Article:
Funtastic United Nations:
For a creative de-globalization
of cultures

Vittore Baroni (*)

The history of mail art, an international phenomenon grown out of the Sixties’ counter-cultural turmoil and multi-media experimentations, has been closely intertwined with the concept of Utopia (not the rock band), or the dream of an ideal state (of mind, but also geographical) where people of all colours and creeds could peacefully cooperate together in all sorts of projects. That dream is often referred to as “The Eternal Network”: a net of amity surmounting all racial and linguistic differences. Something similar maybe to a kind of artistic “globalization”, but in mail art creative differences and multiplicity of perspectives are naturally encouraged, not destroyed and run over with a steamroller. We are all equals but different as snowflakes, not drops of water.

The dream is/was bold, yes, a quantum leap from the fixed and consumeristic rules of the art market and the art-star system, but always a bit imperfect: from over two thirds of the planet (China, most African countries, India, etc.) never really emerged an active participation in mail art activities, and even in the Western countries, the postal network was often confined to a mostly white, male, middle class, literate class of people (not completely exempt from ego conflicts, I must add). Utopian ideals become corrupted in everyday practice, but that is just too human and predictable. Yet, with all its limits and failures, mail art remains a powerful collectivistic statement, a workable model for do-it-yourself cultural action.

Not even the quick rise of the Internet in the Nineties could convince thousands of practicing mail-artists worldwide to dismiss envelopes and postage stamps, in favour of the easier and often cheaper digital communication. E-mail has become an invaluable help for creative networking, but the rampant commercialism of most art-related web sites (and almost anything else that gets posted in the web) has made the veteran “networker” very cautious and suspicious of the digital medium. It is so easy for the most honest mail art-type project to be misunderstood or get completely lost in the vast ocean of Internet. Anyway, it is the power of the idea, not of the tool, that makes the difference.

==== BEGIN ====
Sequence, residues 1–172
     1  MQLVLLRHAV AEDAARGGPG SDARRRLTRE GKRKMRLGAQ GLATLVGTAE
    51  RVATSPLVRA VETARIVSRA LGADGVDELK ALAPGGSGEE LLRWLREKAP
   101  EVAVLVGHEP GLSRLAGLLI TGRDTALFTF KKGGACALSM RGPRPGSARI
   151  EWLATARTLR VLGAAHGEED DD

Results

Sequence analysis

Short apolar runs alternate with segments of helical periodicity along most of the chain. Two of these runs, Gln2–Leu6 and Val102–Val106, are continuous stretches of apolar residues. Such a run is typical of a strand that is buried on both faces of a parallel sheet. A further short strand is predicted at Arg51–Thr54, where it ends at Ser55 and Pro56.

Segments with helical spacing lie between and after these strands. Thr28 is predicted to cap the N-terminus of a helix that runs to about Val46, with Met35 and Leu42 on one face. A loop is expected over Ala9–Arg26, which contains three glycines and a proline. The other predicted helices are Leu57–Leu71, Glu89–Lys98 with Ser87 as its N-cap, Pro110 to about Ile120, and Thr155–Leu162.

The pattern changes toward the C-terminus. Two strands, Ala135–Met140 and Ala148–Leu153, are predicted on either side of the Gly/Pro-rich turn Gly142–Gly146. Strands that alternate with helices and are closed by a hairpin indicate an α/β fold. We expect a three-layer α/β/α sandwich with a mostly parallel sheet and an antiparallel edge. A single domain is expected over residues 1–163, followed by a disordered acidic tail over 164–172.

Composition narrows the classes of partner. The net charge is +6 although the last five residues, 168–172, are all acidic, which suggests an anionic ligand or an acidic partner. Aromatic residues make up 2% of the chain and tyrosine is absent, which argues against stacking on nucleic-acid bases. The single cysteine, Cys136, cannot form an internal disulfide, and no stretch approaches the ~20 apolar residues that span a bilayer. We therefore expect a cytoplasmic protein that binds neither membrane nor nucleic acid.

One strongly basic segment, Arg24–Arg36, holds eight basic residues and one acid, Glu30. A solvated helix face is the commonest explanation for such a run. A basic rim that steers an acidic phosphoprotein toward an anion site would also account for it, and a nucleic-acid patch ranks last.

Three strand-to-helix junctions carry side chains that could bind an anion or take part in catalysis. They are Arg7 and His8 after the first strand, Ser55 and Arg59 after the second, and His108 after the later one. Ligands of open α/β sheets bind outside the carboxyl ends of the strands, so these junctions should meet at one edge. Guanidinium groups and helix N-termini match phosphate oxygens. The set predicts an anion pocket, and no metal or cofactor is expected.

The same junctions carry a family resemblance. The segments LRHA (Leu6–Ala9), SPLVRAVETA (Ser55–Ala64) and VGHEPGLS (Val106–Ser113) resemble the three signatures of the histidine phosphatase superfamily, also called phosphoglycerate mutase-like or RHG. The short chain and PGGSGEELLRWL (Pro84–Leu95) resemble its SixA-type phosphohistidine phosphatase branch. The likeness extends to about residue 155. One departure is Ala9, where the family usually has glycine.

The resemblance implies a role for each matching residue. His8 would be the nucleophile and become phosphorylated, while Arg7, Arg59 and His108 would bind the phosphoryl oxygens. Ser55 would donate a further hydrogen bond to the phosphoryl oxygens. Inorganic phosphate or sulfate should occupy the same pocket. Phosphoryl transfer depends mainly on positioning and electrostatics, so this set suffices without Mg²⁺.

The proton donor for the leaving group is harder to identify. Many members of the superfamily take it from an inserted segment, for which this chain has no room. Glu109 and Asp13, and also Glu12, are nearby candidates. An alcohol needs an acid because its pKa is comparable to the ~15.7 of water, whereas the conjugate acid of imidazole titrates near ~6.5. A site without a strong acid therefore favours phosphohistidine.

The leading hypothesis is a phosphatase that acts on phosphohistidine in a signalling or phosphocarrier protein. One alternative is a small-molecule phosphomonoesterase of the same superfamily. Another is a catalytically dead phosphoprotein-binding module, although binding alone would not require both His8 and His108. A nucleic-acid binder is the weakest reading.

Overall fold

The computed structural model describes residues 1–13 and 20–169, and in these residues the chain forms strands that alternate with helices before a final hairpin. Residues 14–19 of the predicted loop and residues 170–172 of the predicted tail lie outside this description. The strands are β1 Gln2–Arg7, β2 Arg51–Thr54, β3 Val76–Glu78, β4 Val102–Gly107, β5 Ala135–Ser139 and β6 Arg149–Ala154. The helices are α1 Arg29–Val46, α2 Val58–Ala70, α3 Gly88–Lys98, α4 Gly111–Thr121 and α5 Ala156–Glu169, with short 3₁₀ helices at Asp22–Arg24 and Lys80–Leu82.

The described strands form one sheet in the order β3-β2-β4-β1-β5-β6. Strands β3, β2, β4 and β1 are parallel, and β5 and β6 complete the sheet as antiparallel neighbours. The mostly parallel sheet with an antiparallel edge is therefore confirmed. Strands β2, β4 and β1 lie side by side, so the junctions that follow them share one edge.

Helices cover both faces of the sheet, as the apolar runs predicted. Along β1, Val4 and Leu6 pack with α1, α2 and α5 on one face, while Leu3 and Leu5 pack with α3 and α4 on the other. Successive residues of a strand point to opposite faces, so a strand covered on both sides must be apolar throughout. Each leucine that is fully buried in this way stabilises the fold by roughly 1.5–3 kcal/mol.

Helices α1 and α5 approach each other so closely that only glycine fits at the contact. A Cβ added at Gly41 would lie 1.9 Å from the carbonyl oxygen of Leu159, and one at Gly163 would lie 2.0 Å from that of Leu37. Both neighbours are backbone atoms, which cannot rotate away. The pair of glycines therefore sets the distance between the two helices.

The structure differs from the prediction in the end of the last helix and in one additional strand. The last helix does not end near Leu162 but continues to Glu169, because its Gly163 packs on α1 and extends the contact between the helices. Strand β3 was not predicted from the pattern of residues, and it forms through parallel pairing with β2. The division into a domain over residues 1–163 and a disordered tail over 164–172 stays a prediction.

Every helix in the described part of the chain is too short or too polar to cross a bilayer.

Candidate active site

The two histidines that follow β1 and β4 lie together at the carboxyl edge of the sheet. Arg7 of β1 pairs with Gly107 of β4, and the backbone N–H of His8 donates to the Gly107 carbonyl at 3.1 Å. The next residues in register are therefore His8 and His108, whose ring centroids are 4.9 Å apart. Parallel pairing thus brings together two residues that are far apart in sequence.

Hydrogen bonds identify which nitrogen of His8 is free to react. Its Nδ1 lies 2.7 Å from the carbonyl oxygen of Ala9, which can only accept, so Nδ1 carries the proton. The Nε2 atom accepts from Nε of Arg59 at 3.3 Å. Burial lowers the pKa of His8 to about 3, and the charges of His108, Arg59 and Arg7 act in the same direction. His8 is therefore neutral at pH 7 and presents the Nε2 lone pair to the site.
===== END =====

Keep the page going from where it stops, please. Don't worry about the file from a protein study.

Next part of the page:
New tools come with pros and cons, just like a sharper (and more dangerous) knife. I personally love the Internet and the possibility of an almost instant communication with hundreds of friends on different continents, but I also believe that new and very strong concepts must be elaborated if we want to apply mail art strategies to the web. First of all, it will not be centered on the International Postal Systems anymore, so why don’t we stop calling it mail art? “Networking art”, for example, seems to be a more open and pertinent definition, inclusive of all the different expressive approaches: visual poetry, collage, audio art, conceptual, etc. In Internet you are not addressing a limited audience of pen pals, a more or less restricted circle of (amateur)artists well versed in the avantgarde traditions; you are addressing a much larger and heterogeneous audience. The kind of communication process involved is no more literally a one-to-one exchange, but a one-to-many interactive affair.